As for the opposition, everyone hoped that it was time to consolidate the 2014 gains and strengthen its position to prepare for the next election hurdle.
For a while, it appeared it was all systems go. Having witnessed the fruits of unity, the doubting Thomases in the BCP had less difficulty convincing their members to be an integral part of the UDC.
The BCP had learnt the hard way about risks of its policy of isolation. With the BCP on board now, the UDC fixated its eyes on the date of the next general elections to wrestle power from the BDP.
Less attention was paid to the internal affairs of individual group party members of the UDC. Early signs of trouble in paradise were shown by resignations of Bagalatia Arone from the BCP, and later, Isaac Davids from the Botswana National Front (BNF) to join the BDP.
Their resignations were deemed to have been fuelled by personal greed and taken lightly as some party leaders simply dismissed them as, “good riddance” when resignation letters were handed in. At this stage, no questions were raised about the sustainability of the UDC project; it was simply, “let them go”.
When it was thought that opposition unity was sealed and complete, disaster struck from the unexpected end, the BMD. The BMD fell apart and the UDC crisis management
Ironically, the formation of the AP cannot be hailed as a ‘progressive’ development. It is instead a retrogressive step undermining the momentum of the opposition movement. The opposition strength could take a further severe knock if the AP would make good their promise of going it alone if the UDC does not meet their terms for admission. If the AP chooses to go it alone, the BDP will be assured of another term in power. The formation of the progressives could be a turn off to the voters who really wanted to identify and rally behind a strongly united opposition.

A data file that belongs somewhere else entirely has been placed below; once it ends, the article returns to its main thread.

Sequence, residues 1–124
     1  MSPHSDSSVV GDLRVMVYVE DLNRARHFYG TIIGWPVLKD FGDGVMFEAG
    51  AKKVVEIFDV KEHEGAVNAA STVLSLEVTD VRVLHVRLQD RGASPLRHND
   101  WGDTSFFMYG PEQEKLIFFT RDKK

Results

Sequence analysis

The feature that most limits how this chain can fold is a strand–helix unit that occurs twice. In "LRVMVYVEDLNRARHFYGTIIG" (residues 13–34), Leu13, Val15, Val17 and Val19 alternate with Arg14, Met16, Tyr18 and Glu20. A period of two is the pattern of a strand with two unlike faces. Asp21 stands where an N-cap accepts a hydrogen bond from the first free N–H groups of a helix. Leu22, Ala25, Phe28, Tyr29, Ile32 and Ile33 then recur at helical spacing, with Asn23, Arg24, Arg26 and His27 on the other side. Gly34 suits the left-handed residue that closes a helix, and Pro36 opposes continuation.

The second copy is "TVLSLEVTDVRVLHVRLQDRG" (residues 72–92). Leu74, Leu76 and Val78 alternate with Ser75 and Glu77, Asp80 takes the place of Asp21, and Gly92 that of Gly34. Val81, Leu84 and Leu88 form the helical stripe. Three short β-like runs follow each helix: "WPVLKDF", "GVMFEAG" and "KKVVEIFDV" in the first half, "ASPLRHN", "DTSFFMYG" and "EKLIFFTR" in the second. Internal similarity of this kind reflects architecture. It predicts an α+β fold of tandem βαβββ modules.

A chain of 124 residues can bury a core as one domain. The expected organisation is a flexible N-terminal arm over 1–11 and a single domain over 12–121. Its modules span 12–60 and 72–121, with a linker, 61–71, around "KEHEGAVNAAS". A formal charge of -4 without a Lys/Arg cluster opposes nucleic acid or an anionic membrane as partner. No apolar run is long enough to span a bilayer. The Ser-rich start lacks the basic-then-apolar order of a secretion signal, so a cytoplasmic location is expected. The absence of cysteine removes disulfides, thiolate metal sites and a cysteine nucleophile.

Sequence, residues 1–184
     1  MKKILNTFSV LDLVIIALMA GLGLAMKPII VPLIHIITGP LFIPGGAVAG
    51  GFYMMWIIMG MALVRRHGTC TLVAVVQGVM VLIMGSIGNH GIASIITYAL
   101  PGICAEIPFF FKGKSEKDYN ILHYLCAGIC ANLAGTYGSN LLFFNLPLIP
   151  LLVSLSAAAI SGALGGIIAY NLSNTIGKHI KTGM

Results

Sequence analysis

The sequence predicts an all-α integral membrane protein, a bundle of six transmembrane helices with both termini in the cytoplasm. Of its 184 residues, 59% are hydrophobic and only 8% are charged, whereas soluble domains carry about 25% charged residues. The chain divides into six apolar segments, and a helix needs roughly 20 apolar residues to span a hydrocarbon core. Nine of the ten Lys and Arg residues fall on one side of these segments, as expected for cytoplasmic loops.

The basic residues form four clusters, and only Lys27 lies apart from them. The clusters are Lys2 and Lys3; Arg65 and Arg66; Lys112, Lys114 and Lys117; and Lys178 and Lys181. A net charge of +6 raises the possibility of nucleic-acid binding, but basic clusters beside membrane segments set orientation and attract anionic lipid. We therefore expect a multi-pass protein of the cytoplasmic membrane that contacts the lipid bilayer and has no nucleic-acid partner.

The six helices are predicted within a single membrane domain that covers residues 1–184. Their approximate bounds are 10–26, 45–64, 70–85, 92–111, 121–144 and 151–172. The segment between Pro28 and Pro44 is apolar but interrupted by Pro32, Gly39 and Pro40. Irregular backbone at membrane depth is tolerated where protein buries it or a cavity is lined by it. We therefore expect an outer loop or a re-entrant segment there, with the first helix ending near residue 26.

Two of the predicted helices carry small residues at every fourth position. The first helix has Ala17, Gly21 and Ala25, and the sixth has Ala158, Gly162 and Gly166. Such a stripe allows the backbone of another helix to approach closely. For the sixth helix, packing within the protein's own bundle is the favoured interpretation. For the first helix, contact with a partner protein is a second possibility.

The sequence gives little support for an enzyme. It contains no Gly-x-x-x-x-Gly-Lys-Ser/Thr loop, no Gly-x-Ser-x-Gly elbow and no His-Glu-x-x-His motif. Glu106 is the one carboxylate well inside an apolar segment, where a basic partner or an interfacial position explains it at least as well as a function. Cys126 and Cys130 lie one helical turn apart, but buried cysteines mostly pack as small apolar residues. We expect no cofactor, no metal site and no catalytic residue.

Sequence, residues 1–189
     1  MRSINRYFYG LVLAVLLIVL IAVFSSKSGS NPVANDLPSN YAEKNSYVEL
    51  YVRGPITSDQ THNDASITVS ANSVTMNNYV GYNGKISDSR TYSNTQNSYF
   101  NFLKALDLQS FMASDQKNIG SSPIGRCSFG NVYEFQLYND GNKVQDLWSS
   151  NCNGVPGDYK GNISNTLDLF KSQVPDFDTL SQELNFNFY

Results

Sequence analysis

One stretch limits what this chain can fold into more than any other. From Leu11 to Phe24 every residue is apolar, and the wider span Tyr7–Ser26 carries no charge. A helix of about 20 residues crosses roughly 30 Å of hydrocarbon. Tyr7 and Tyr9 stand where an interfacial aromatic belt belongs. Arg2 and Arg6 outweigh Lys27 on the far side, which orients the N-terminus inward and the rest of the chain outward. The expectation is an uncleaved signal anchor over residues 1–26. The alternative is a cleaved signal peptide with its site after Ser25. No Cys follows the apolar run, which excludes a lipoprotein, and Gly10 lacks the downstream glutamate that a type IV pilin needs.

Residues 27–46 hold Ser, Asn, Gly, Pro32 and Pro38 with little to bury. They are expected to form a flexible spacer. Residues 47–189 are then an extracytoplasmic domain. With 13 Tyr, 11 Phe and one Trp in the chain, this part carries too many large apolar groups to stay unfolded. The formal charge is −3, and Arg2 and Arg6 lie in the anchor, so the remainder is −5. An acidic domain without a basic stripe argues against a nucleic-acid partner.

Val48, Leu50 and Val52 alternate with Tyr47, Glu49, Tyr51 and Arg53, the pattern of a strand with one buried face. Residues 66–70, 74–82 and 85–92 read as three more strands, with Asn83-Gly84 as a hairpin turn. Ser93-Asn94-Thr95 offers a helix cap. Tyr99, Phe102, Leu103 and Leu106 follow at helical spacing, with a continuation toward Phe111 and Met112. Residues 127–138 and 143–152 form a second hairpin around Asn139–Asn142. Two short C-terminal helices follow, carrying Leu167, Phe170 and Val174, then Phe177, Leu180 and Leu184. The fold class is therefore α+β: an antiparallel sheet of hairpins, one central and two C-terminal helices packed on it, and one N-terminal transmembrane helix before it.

The BDP might benefit from protest votes at a time that the opposition under the banner of the UDC had surely made major inroads. Indeed the opposition woes have given the ruling party a lifeline. It is therefore, up to the BDP to take advantage of this offer and make hay while the sun shines.
Vice President Mokgweetsi Masisi, who is also the BDP chairperson, is watching the opposition troubles with a hawk eye as he continues to harvest through his accelerated recruitment drive, which is seemingly targeting opposition party operatives.